Music as Propaganda in the German Reformation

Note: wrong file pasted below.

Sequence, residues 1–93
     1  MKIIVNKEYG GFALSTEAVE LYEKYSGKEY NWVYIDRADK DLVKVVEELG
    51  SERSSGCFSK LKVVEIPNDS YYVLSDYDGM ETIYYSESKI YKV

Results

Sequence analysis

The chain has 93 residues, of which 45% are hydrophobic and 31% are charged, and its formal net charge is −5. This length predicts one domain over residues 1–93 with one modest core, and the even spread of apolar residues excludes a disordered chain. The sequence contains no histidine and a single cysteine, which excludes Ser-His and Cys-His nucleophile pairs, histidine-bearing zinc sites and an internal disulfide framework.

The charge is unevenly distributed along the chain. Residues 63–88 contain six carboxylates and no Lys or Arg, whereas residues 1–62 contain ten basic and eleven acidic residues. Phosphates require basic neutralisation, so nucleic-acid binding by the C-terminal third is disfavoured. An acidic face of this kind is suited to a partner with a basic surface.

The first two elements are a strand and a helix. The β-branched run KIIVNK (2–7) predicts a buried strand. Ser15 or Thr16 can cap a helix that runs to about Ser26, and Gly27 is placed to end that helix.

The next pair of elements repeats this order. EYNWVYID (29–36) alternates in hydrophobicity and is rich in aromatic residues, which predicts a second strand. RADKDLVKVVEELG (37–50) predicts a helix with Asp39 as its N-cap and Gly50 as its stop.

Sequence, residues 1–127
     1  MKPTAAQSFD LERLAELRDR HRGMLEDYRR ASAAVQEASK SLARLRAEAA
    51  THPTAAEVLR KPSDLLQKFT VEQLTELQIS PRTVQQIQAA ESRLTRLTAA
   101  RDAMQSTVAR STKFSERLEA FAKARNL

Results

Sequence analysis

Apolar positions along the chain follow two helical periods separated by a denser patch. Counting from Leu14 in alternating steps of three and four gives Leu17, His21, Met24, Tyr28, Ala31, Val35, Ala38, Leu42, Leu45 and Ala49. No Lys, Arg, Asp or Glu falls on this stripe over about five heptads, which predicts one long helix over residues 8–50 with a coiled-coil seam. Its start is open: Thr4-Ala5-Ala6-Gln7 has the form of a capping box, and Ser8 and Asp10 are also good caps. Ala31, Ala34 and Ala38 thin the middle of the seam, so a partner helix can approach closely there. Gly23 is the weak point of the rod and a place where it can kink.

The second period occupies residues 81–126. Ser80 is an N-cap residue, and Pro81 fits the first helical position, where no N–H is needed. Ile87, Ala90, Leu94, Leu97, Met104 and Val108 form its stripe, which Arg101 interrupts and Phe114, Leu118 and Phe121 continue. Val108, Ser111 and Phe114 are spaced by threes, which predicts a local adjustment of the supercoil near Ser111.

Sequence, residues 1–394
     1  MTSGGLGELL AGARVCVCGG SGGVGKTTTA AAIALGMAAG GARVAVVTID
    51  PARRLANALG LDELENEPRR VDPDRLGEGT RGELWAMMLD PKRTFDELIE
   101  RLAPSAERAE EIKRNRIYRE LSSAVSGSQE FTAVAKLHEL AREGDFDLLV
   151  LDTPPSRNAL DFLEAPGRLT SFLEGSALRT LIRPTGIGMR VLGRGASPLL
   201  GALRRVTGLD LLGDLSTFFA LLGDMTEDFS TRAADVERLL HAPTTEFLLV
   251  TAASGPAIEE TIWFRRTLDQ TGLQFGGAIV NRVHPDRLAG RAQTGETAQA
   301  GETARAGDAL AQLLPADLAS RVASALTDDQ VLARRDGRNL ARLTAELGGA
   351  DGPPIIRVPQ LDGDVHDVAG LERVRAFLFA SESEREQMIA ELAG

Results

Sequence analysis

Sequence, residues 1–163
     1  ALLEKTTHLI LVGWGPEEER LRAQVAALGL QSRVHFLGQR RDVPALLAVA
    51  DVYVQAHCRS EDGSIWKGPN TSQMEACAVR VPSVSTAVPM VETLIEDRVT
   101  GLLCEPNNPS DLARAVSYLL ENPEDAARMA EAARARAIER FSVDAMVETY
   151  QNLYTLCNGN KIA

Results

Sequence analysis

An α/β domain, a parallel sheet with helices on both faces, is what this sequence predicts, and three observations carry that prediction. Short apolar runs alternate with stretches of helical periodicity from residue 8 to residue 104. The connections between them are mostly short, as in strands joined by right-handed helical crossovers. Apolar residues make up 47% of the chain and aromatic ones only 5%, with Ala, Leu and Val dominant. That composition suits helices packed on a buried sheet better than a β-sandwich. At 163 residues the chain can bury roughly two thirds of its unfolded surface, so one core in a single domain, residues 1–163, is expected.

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Music as Propaganda in the German Reformation The reformation was a religious and political movement that took place in the year 1517. This movement was spread by the Cristian humanist Martin Luther, when he posted his “Ninety Five Theses”. The reformation itself is one of those things everybody has heard about but no one quite understands, even nowadays, 500 years after this movement occurred. The main reason for this movement is unknown, however, some causes are being slowly known. First of all, as this movement occurred in the renaissance, humanism was on the air and all the humanist ideas were being spread, so people were thinking more rationally, thus questioning the church and its ways of working. Also, the printing press as recently invented, and it helped dispersing the protestant ideas worldwide. Also, the monarchs or Europe challenged the church and the pope’s power, since church was even more powerful than some of the European kingdoms and monarchies. European monarchies did not like that the church was wealthy and had influence upon people, so they got against the church and its pope. Furthermore, church wealth and power tended to be abused by some of the members of the clergy. Church used to sell some of its offices, charging people to help them position in places of power. But the main issue that made the reformation happen was the sale of indulgences, so church made people believe that they could buy their way into heaven without making good deeds. Because of all of these issues, the German monk Martin Luther criticized the church and its nepotism and corruption. His first objection was to Johann Tetzel von Wittenberg, who was offering the sale of indulgences to help rebuild St. Peter Cathedral in Rome, so he pos... ... middle of paper ... ...November 15, 2013 at http://www.students.sbc.edu/mckinney03/gmm/propaganda.htm • Oettinger, R.W. (2001). Music as Propaganda in the German Reformation. Burlington, VT: Ashgate. • Scribner, R.W. (1981). For The Sake Of Simple Folk: Popular Propaganda for the German Reformation. New York, NY: Cambridge University Press. • Soergel, P.M. (1993) Wondrous in His Saints: Counter-Reformation Propaganda In Bavaria. Berkeley, CA: University of California Press. • Wright, A.D. (2005). The Counter-Reformation: Catholic Europe and the Non-Christian World. Burlington, VT: Ashgate. • Watt, T. (1991). Cheap Print and Popular Piety 1550-1640. New York, NY: Cambridge University Press. • Hartmann, John: The Use of Propaganda in the Reformation & Counter – Reformation. Yale Divinity School. Available: http://www.people.vcu.edu/~jahartmann/images/Propaganda_in_the_Reformation.pdf

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